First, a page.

- A judge ordered the San Diego school district to hand over evidence of correspondence with a Muslim advocacy group
- An anti-bullying plan called for adding Muslim holidays to staff calendars
- Parents thought the initiative looked more like a religious advocacy program than an anti-bullying initiative
A federal judge ordered the San Diego Unified School District on Tuesday to hand over evidence detailing its correspondence with the Council on American-Islamic Relations (CAIR) about the implementation of a controversial anti-Islamophobia bullying initiative at San Diego public schools.
The development is the latest in a long-running saga concerning school officials in San Diego coordinating with CAIR, an American-Muslim civil rights and religious organization with known links to a number of anti-Israel groups such as the Muslim Brotherhood.
The controversy began in April when the San Diego school district announced it was launching an anti-Islamophobia initiative to combat what it described as a vast and underreported epidemic of anti-Muslim bullying in the district’s schools.
The multi-year anti-bullying plan, developed with assistance from CAIR, called for adding Muslim holidays to staff calendars, introducing new library materials on Muslim culture, encouraging Muslim-centered high school clubs, creating “safe spaces” for Muslim students and providing staff training about Muslim culture.
Hanif Mohebi, the executive director of CAIR-San Diego, praised the initiative and said it should serve as a model for school districts across the country.
“If we do this right, San Diego Unified School District would be the leading school district in the nation to come up with a robust and beautiful anti-bully and anti-Islamophobic program,” Mohebi told The San Diego Union-Tribune.
Mohebi was invited to give talks at more than a dozen San Diego schools starting in late 2016 to teach students and teachers how to reduce bullying of Muslim students.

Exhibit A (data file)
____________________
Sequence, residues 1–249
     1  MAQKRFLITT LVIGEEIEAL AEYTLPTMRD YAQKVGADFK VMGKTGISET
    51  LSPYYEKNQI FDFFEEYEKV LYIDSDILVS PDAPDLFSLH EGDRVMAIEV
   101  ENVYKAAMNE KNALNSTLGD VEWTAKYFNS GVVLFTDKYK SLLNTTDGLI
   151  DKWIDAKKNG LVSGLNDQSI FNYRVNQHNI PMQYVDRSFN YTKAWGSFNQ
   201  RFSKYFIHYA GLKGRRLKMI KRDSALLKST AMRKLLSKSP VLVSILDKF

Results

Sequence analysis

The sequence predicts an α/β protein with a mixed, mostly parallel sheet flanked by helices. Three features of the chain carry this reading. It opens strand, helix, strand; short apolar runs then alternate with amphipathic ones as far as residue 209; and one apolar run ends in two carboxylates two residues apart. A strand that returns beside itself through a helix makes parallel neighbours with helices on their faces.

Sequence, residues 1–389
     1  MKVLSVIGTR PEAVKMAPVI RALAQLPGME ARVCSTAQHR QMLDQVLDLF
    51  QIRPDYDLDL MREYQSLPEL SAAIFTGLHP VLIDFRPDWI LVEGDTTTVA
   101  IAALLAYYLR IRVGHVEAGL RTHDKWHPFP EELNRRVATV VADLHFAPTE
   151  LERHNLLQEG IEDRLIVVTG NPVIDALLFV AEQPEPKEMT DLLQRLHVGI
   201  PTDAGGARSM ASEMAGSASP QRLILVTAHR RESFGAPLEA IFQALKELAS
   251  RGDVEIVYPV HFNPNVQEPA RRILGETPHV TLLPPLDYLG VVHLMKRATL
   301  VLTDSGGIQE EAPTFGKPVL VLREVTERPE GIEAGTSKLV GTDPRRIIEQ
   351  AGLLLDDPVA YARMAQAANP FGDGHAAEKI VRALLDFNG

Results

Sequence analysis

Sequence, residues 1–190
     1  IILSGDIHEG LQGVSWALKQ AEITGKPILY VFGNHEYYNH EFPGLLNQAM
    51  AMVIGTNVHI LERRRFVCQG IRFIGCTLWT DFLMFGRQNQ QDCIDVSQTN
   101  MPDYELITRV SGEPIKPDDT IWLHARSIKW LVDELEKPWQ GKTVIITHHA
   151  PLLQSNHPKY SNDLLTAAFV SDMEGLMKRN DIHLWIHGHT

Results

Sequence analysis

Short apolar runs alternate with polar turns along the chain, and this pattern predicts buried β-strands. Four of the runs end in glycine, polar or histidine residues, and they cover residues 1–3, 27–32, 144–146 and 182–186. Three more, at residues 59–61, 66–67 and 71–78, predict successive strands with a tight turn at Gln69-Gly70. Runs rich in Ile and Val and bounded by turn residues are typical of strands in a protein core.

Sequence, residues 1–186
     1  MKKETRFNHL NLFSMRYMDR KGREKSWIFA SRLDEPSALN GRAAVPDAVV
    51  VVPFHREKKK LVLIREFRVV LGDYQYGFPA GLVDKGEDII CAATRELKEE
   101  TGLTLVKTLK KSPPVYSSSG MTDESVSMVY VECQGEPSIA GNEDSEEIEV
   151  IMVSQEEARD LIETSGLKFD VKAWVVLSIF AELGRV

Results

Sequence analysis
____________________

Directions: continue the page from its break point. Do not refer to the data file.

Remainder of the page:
Hanif gave pamphlets to students that advised Muslim youth to contact CAIR if they faced bullying, which according to CAIR includes “insulting comments about Islam.”
Handing out such pamphlets is considered to be “both a religious and educational exercise,” according to the CAIR National Executive Director Nihad Awad who testified before the National Labor Relations Board in 2016.
Many parents were outraged. They thought the initiative looked more like a religious advocacy program than an anti-bullying initiative.
A lawsuit filed in May by the Freedom of Conscience Defense Fund (FCDF) accused the school district of entangling itself with CAIR to set up a “subtle, discriminatory scheme that establishes Muslim students as the privileged religious group.”
“Consequently, students of other faiths are left on the outside looking in, vulnerable to religiously motivated bullying, while Muslim students enjoy an exclusive right to the School District’s benevolent protection,” the lawsuit stated.
Charles LiMandri, president and chief counsel of the FCDF, urged the San Diego school system to rescind the policy, saying it likely violated the First Amendment because it was drafted with assistance from CAIR, an overtly religious organization.
“The San Diego Unified School District has gone out on a limb, more than most school districts would be willing to do, to partner with a group that identifies itself as a religious group,” LiMandri told The Daily Caller News Foundation in a phone interview.